Maximizing the Potential of Client Meetings

Dana Dakin: Article in the Family Office Exchange

Meetings between clients and investment managers are an extension of the investment process itself. Good meetings help clients to be better investors, and they help managers to build long-term business relationships.

The goal of every meeting is to have a meaningful dialogue in order to increase the client's understanding of your investment approach and stabilize comfort. Ironically, the most effective way to accomplish this is to take the opportunity when performance results are good to talk about the issues that are concerning you and the steps you're taking to address them. This gives you the credibility you need to discuss what's going right when performance lags expectations.

Even the most sophisticated clients bring mixed feelings to a meeting. The fear and greed intrinsic to all investing, and the uncertainty of what the future will bring, generate intense emotions which are potentially explosive. Recognizing this, it is important to establish a set of communications procedures that will help you create meaningful dialogues with your clients as well as help build understanding of your investment process.

Establishing a Foundation

In an ideal world, investment objectives would be defined and agreed upon by the investment committee, formalized in a written statement of investment policy, and discussed openly with the investment managers competing for the account prior to hiring. But in an age of "beauty contests" and "horse races," real clarity is all too infrequently achieved at this juncture. So it is imperative that investment objectives be fully understood by all parties and translated into a tracking format at the outset. This one simple concept adds significantly to a "no surprises" atmosphere and is the foundation for all communications over the course of the entire relationship.

Developing an Agenda

The meeting agenda is another important communications tool in successful client/manager relationships. It should be determined in collaboration with the client. Agendas bring focus; they insure that presentations start at a meaningful information point and cover what's important. Established in advance, they also mitigate the "entertain" or "sell" functions which can infiltrate client meetings. Lastly, they support the "educate" and "exchange" functions which help keep investment committees informed and comfortable. In the words of one consultant "We're looking for a money manager who does more than pay lip service to the concept of meeting with clients fairly regularly. An excellent manager means somebody who, when he's having these meetings, is dealing in a relevant way with his client. All too often I find somebody goes on and on about where the economy is going and things like that. Also, they often have a canned presentation rather than tailoring it to us. What I would hope for is that they would explain their product, explain their methods of operation and talk in clear, straightforward terms to the people at hand.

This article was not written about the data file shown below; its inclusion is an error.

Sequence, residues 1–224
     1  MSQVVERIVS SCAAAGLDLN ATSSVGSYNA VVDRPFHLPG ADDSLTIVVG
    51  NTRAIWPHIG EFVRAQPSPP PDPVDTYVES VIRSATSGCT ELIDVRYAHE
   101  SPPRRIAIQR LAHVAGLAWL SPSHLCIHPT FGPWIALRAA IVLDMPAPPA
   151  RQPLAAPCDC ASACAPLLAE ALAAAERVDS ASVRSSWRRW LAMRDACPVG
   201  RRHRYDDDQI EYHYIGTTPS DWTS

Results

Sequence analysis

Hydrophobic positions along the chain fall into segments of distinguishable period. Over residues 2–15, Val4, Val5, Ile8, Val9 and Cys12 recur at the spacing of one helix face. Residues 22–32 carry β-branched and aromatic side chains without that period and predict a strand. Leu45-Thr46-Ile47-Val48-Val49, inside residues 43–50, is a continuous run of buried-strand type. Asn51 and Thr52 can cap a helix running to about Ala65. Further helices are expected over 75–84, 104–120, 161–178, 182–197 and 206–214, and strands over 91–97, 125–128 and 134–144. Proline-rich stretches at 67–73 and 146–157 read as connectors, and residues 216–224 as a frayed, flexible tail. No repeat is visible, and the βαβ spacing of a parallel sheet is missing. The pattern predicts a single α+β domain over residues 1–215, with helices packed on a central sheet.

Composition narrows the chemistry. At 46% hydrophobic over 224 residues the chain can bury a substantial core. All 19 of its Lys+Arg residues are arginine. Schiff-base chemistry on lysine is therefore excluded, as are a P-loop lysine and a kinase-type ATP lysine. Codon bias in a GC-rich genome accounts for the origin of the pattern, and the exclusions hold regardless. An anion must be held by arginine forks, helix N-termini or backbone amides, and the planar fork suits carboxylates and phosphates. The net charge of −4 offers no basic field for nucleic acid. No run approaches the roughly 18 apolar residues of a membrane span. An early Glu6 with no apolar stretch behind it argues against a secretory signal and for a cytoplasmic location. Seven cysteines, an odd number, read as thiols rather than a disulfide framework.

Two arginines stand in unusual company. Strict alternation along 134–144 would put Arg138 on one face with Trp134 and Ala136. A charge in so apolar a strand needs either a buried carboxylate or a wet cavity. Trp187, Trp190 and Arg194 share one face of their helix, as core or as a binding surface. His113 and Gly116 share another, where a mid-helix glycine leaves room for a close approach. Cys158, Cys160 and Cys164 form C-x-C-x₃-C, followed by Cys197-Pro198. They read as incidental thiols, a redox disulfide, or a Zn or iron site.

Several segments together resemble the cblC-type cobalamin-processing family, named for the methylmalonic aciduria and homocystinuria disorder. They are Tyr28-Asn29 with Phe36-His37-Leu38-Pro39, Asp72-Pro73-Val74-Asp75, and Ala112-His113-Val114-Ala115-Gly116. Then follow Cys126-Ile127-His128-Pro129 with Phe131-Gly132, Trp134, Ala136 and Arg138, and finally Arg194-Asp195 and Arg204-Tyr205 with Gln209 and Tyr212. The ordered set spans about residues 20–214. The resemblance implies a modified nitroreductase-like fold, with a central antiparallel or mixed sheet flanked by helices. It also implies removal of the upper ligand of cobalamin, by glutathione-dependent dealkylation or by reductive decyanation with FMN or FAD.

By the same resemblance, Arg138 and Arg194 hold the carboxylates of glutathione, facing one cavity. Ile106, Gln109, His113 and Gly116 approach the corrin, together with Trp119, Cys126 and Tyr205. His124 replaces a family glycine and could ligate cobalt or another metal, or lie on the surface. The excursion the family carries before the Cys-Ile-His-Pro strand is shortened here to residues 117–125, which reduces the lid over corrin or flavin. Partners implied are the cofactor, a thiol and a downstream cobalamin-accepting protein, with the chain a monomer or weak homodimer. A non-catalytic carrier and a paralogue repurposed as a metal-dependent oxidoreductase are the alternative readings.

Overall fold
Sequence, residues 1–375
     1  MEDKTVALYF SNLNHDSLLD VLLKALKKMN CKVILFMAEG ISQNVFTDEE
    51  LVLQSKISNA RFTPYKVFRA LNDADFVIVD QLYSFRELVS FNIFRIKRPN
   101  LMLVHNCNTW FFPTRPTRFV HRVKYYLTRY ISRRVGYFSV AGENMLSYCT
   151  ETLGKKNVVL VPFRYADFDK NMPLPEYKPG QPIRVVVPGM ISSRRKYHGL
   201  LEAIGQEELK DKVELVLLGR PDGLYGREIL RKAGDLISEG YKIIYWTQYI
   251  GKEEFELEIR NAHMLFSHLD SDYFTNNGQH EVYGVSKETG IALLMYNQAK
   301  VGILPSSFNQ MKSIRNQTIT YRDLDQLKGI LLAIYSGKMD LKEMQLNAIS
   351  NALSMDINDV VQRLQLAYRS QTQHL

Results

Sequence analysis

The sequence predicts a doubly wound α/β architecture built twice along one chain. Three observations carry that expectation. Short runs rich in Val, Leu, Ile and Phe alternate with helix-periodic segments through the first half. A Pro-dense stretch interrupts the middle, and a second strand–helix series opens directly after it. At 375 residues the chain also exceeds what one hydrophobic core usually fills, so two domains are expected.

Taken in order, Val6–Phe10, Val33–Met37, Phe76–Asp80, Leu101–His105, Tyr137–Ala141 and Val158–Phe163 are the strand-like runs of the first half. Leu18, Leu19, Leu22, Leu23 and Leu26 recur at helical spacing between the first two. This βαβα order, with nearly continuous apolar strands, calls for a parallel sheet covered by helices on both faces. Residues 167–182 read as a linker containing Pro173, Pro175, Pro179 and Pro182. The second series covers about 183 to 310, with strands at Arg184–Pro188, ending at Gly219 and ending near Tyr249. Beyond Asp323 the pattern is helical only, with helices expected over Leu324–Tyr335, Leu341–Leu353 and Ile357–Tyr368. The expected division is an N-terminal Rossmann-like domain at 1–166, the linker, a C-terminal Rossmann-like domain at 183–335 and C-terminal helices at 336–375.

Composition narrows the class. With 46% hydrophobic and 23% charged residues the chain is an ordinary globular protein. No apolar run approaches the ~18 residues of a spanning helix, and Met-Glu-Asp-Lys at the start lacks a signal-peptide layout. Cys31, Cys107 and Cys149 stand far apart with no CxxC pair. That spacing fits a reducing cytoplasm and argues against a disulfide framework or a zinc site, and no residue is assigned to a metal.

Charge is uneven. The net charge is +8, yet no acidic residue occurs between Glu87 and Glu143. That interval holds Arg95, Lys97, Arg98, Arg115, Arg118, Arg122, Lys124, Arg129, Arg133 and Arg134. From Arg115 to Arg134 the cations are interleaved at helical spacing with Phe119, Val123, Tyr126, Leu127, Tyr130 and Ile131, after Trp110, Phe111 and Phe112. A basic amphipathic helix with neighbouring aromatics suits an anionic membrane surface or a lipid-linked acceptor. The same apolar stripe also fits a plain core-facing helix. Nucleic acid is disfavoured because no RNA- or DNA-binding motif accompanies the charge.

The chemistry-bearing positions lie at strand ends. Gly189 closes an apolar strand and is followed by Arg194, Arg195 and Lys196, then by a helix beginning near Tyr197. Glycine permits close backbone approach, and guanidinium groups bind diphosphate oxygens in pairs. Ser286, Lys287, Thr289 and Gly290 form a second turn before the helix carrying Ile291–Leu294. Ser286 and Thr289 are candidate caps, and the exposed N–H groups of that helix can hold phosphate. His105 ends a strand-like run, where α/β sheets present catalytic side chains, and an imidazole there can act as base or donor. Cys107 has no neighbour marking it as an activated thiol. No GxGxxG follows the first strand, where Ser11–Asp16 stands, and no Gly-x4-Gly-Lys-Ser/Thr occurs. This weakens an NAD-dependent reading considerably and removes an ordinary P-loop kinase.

The Education Imperative

It is important to review results over a meaningful period of time to educate the client about what types of decisions were made, the reasons for making them and how they contributed to overall performance. It is then possible to move into discussing the logical framework for the current portfolio positioning and expectations for future performance within different scenarios.

A meeting is successful when clients can reinforce in their own minds the logic of the decision-making process and connect to that process actual performance results. The bottom line: Do they still feel good about hiring you?

Good meeting procedures actually contribute to long-term performance, because money managers are motivated to perform for strong clients who exude a sense of partnership and fair play. Clients, on the other hand, are motivated to stand behind managers who generate trust through consistent, informative communications.

A Proposed Meeting Format

1. The Opening

  • Establish the timeframe for the meeting and encourage questions and discussions

2. The Past

  • Address the investment outlook presented at the last meeting and compare to actual results
  • Review subsequent action and shifts in holdings
  • Assess portfolio changes within the context of your investment philosophy:
  • What worked
  • What did not work and why
  • What you did about it

3. Present absolute results for total holdings and appropriate portfolio groupings:

  • Relative to short-term expectations
  • Relative to your long-term bogey
  • Relative to the appropriate market indices
  • Relative to the competition
  • Show performance attribution:
  • Which portion of the portfolio contributed to gains? Which to losses?
  • How do performance results relate to your philosophy?

4. The Future

  • Briefly review your investment outlook
  • Show how your current portfolio is positioned to capitalize on that outlook
  • Summarize how you expect to continue to meet long-term objectives
  • Introduce emerging ideas and information about your firm.

5. The Close

  • Review the key points
  • Solicit questions to assure client understanding and continued endorsement
  • Thank the client for the meeting.


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© 2008 Dana Dakin, All Rights Reserved